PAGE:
Sermon: November 17, 2013, “Crisis and Opportunity”


“Crisis and Opportunity”

A sermon by Rev. Aaron Fulp-Eickstaedt

At Immanuel Presbyterian Church, McLean VA

On November 17th, 2013


Luke 21:5-19


                Today’s scripture text from the 21st chapter of the Gospel of Luke (in which Jesus predicts the destruction of the temple in Jerusalem, wars and rumors of wars and earthquakes and famines and plagues, and the persecution of his followers) is the assigned Gospel reading for today.  It’s one of those scripture passages that mainline preachers look at and think, “Maybe today would be a good day to skip the lectionary, or, perhaps I could focus on the epistle reading or the Old Testament lesson for the day, maybe do a little reflection on the Psalm.” 


              Our inclination is to avoid texts like Luke 21 because we know that the original intention of the passage often gets lost.  It was first meant to serve as a way for 1st century Christians to understand what they were watching or had watched unfold (the Roman army razing Herod’s magnificent temple, various people rising up and pretending to be saviors, followers of Jesus being imprisoned and dragged in front of tribunals and sometimes killed, even friends and family members betraying each other to the authorities).  Those things happened, and Luke (and Matthew and Mark) depict Jesus as predicting that they would.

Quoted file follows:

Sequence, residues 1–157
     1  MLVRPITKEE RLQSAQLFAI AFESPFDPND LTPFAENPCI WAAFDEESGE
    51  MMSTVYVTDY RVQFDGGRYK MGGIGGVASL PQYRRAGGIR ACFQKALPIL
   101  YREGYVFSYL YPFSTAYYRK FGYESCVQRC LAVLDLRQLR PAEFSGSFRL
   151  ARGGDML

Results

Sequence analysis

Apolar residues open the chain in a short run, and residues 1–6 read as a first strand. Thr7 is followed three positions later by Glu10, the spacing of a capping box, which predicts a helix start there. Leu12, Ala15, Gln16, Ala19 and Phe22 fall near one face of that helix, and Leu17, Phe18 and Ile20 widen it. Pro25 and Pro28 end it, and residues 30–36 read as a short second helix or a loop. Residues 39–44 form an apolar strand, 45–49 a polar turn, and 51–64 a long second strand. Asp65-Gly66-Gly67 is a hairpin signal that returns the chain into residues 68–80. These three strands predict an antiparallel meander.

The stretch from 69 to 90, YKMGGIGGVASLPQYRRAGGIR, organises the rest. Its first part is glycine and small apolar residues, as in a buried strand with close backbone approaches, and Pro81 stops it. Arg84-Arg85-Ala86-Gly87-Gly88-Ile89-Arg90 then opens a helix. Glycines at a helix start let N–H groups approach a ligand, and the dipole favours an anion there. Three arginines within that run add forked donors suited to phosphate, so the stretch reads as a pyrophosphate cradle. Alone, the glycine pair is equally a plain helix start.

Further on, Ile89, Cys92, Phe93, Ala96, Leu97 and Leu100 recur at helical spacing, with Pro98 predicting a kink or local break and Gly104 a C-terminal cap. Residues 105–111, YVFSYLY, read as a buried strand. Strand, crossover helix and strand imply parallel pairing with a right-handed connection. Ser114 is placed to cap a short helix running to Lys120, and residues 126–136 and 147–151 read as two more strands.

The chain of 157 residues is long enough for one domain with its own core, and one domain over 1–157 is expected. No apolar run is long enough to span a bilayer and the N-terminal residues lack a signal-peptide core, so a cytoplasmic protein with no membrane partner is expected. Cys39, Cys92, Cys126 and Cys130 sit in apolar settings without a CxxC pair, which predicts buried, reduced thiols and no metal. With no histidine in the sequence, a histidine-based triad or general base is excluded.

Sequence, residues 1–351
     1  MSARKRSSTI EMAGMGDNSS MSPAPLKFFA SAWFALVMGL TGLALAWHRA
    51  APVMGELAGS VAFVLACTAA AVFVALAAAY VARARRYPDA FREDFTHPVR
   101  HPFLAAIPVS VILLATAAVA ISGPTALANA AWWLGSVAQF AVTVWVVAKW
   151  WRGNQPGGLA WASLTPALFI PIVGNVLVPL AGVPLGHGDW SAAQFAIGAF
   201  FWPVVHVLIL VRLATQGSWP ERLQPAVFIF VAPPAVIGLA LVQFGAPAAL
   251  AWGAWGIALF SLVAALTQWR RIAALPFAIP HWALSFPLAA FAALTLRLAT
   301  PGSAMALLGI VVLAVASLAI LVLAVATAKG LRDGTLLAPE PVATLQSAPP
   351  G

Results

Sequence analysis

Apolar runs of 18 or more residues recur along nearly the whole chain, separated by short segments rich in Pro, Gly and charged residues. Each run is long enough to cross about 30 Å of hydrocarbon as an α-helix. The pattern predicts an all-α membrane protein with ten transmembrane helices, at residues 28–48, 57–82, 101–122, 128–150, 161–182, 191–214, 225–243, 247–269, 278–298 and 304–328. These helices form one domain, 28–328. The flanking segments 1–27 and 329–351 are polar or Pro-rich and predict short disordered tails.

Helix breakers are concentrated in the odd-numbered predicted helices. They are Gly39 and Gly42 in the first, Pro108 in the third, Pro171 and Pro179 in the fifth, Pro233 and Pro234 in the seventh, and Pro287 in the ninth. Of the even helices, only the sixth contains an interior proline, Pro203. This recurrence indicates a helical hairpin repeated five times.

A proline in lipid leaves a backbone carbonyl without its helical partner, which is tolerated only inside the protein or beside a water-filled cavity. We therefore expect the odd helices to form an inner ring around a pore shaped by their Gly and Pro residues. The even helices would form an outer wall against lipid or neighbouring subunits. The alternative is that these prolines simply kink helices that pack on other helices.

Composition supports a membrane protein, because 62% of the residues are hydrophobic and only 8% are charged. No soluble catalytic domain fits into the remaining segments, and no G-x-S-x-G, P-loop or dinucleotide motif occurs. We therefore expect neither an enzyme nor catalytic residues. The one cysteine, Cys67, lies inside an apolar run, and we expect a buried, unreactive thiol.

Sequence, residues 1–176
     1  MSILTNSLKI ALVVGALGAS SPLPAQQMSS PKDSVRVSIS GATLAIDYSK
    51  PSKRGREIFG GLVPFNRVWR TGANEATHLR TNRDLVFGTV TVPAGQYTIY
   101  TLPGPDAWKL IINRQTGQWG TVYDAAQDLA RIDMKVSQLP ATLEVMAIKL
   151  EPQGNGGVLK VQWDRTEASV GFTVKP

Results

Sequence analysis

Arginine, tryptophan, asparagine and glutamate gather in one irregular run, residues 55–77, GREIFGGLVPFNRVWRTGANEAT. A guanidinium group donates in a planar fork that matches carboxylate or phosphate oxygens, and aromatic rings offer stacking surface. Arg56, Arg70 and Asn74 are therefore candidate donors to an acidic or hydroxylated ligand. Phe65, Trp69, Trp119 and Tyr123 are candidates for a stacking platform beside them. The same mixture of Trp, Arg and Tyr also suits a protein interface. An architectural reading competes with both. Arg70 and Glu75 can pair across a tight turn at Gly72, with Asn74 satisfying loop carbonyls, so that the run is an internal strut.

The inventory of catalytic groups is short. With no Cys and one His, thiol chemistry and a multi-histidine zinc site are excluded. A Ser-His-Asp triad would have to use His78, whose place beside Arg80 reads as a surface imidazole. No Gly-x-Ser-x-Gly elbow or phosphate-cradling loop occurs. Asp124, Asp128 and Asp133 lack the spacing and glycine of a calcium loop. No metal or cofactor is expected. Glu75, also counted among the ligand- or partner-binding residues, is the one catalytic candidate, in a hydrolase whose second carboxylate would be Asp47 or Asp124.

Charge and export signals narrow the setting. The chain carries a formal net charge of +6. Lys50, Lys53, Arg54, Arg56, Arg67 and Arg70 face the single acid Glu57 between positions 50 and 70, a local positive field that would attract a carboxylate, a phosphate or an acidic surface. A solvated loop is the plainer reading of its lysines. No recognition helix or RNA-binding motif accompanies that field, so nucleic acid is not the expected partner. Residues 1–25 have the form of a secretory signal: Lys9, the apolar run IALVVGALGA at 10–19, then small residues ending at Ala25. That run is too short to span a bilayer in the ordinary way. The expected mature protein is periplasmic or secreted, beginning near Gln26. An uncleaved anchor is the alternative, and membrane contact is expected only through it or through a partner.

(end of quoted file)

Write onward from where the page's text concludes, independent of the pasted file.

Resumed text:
In the nearly 2,000 years since, some Christians have approached texts like this not as foretelling what happened in the first century, but as a guide to putting current events (in whatever century they happened to be living) into the framework of the imminent demise of the world.  I want you to hear the text not so much as a prediction of what must come before the world ends (all things come to an end, sure enough, and our planet is under stress, and it may and will eventually end), but as a guide for how to live and to hold onto what really matters when it feels like what you’re going through is the end of the world as you know it.  Listen now for God’s word to us all.


When some were speaking about the temple, how it was adorned with beautiful stones and gifts dedicated to God, Jesus said, ‘As for these things that you see, the days will come when not one stone will be left upon another; all will be thrown down.’


 They asked him, ‘Teacher, when will this be, and what will be the sign that this is about to take place?’ And he said, ‘Beware that you are not led astray; for many will come in my name and say, “I am he!” and, “The time is near!” Do not go after them.


 ‘When you hear of wars and insurrections, do not be terrified; for these things must take place first, but the end will not follow immediately.’ Then he said to them, ‘Nation will rise against nation, and kingdom against kingdom; there will be great earthquakes, and in various places famines and plagues; and there will be dreadful portents and great signs from heaven.